The final weeks of 2019 brought more legislative tax and retirement reform. On December 20, 2019, President Trump signed the Setting Every Community Up for Retirement Enhancement (SECURE) Act.  The bill was originally passed in the House over the summer and laid dormant for months until it made its way through the Senate in December. This new law is not nearly as extensive as the Tax Cuts and Job Act of 2017, yet the impact will be felt by individuals and their financial plans for decades to come.


Like many laws, there is plenty to like and dislike about the SECURE Act.  Many of the changes were administrative in nature; however, I want to highlight three aspects of how the SECURE Act may impact your planning.


Elimination of the “Stretch IRA”

Currently, individuals who inherit an Individual Retirement Account (IRA) or employer-sponsored 401(k) can often stretch required withdrawals over their life expectancy. Since withdrawals are taxable, the associated income tax payments can also be stretched out


The new law will eliminate the “Stretch IRA,” which will require a beneficiary to withdrawal the funds and pay the associated income taxes within 10 years. If you already own an Inherited IRA, the legislation will only apply to account owners who die after December 31, 2019.


There are exceptions, including surviving spouses, who can still stretch out withdrawals and the associated income tax payments over their life expectancy.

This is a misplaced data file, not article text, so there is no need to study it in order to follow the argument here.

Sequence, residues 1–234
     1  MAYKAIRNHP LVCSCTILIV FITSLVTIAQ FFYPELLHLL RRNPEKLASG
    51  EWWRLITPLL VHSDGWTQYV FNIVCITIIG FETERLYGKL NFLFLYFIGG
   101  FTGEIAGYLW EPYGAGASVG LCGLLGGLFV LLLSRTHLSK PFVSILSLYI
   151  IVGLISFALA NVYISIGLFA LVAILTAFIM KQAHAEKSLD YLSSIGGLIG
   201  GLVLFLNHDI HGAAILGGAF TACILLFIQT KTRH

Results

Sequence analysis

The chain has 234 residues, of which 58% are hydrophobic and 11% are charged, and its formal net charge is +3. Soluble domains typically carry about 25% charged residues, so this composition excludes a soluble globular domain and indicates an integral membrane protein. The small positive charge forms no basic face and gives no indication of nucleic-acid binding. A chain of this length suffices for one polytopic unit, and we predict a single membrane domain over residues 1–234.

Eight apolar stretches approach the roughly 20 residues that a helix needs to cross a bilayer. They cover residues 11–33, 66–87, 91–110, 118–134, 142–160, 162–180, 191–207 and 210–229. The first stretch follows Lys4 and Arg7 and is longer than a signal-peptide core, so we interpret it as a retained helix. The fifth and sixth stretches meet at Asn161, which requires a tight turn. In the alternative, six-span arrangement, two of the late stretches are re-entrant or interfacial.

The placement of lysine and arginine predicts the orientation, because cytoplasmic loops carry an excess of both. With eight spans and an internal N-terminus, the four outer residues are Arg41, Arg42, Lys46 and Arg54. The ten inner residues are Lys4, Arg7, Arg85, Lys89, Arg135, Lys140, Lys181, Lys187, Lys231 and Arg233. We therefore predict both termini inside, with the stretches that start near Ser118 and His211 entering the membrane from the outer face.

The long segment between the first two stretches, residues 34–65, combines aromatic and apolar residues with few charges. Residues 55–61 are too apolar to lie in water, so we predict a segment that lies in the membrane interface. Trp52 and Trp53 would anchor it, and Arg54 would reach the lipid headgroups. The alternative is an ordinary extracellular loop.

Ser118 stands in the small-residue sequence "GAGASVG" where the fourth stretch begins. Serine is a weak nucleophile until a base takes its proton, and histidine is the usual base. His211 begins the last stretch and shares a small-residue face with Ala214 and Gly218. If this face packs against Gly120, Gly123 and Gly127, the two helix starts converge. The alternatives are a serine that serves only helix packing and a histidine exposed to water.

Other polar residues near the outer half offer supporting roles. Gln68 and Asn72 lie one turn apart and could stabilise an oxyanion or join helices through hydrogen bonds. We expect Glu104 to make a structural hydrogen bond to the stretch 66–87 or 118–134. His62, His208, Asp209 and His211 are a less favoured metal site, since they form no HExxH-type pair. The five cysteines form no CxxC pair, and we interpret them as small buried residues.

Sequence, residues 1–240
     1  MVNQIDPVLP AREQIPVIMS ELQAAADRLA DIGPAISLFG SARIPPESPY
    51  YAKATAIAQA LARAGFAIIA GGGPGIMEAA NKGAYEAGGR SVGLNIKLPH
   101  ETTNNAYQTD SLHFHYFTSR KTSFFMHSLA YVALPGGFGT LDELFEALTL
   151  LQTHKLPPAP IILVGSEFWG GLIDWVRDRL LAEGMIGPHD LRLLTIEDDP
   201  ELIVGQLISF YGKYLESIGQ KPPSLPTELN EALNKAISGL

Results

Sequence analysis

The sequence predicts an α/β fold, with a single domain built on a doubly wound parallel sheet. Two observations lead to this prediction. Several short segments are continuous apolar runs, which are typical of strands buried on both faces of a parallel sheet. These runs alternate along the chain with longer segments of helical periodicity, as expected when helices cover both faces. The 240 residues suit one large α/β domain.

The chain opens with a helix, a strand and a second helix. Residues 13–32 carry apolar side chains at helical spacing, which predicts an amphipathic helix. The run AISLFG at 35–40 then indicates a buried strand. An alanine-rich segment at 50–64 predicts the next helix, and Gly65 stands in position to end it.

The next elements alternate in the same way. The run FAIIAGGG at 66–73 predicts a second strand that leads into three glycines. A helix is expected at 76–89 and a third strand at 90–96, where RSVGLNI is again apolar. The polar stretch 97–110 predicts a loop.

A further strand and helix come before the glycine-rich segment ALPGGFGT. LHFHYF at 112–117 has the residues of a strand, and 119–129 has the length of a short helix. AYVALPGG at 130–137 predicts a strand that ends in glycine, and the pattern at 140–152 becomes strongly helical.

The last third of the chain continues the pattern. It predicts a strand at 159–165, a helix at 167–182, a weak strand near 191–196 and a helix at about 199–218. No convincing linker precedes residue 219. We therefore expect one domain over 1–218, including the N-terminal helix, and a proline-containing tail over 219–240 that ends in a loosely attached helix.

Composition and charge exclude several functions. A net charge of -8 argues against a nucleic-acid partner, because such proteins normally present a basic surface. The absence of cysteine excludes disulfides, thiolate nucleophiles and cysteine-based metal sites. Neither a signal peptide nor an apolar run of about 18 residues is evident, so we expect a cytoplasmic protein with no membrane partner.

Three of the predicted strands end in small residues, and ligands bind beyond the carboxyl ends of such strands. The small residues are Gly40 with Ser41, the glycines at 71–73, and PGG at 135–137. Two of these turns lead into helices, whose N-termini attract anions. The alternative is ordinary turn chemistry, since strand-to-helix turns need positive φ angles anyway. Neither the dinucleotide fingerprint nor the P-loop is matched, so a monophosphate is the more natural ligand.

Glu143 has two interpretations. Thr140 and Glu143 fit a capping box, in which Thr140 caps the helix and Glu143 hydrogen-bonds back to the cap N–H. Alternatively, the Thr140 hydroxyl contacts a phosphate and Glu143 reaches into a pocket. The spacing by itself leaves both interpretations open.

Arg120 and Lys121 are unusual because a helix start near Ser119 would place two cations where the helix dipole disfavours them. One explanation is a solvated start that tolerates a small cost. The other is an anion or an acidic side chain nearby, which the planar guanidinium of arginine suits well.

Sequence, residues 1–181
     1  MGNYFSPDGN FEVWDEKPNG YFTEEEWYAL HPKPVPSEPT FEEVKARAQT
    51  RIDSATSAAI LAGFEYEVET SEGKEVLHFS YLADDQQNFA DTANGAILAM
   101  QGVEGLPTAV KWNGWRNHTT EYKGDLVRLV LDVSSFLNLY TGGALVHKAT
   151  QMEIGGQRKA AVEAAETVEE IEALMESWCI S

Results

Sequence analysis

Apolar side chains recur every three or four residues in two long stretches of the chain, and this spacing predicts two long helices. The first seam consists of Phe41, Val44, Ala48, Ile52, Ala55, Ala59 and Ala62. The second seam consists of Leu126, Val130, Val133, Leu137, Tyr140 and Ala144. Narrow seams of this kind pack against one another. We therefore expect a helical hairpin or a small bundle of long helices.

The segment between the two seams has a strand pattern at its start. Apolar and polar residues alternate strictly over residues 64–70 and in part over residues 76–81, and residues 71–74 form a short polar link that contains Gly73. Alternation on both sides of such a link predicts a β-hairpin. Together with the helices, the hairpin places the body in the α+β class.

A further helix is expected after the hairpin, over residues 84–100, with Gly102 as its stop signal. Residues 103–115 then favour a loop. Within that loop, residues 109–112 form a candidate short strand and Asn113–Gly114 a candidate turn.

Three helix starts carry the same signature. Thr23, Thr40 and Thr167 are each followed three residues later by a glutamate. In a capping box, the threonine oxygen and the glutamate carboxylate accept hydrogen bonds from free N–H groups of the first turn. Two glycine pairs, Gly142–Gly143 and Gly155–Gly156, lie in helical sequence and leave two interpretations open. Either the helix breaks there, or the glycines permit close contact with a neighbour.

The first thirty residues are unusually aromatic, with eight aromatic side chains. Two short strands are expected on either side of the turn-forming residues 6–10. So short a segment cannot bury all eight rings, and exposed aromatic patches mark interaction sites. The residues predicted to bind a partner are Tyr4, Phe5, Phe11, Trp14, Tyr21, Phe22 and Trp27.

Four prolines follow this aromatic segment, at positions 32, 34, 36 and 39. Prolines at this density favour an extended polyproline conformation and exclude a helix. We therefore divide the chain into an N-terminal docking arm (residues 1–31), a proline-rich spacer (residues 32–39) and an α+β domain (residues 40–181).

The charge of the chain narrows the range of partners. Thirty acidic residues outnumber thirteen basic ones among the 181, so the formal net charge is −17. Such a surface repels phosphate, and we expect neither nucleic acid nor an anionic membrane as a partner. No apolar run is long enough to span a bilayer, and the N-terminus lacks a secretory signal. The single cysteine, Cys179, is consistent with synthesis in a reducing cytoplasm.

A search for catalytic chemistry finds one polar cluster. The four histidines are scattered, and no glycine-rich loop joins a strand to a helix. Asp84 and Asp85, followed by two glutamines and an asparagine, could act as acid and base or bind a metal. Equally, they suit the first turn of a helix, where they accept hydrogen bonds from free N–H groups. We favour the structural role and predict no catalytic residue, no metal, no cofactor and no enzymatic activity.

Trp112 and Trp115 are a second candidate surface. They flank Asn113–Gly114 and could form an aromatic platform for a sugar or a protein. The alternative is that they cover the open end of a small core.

Push Back RMD Age

Legislation has increased the age of Required Minimum Distribution (RMD) from 70 ½ to 72. If you have attained RMD age, the new legislation will not impact when you are required to commence withdrawals. You must continue to withdraw the minimum required amount each year from your IRA account.


If you turned 70 ½ in 2019, you will not be able to take advantage of the law’s increased age. Only those born on or after July 1, 1949, can wait until they reach age 72.


In addition to IRAs, the laws increased age also pertains to employer-sponsored tax deferred retirement plans such as 401(k)s, 403(b)s, and 457s.


529 Plan to Pay Student Loans

529 Plans are tax-advantaged accounts designed to encourage families to save for college and private K-12 education. (For more on information on how 529s work, click here)  Yet a common concern by parents is overfunding an account. New legislation may help alleviate some of this concern.


529 plan account owners can now withdraw up $10,000 tax free for payments towards qualified education loans. The $10,000 limit is a lifetime limit that applies to the 529 plan beneficiary and each of their siblings. For example, a parent with two children may take a $10,000 distribution to pay student loans for each child, for a total of $20,000.


The SECURE Act brought about many changes to IRAs, 401(k) s and other tax provisions. The changes are quite nuanced and will likely impact your personal financial planning situation. In the year ahead it will be important to review your situation and collaborate with your financial advisor to best position yourself with regard to the new laws.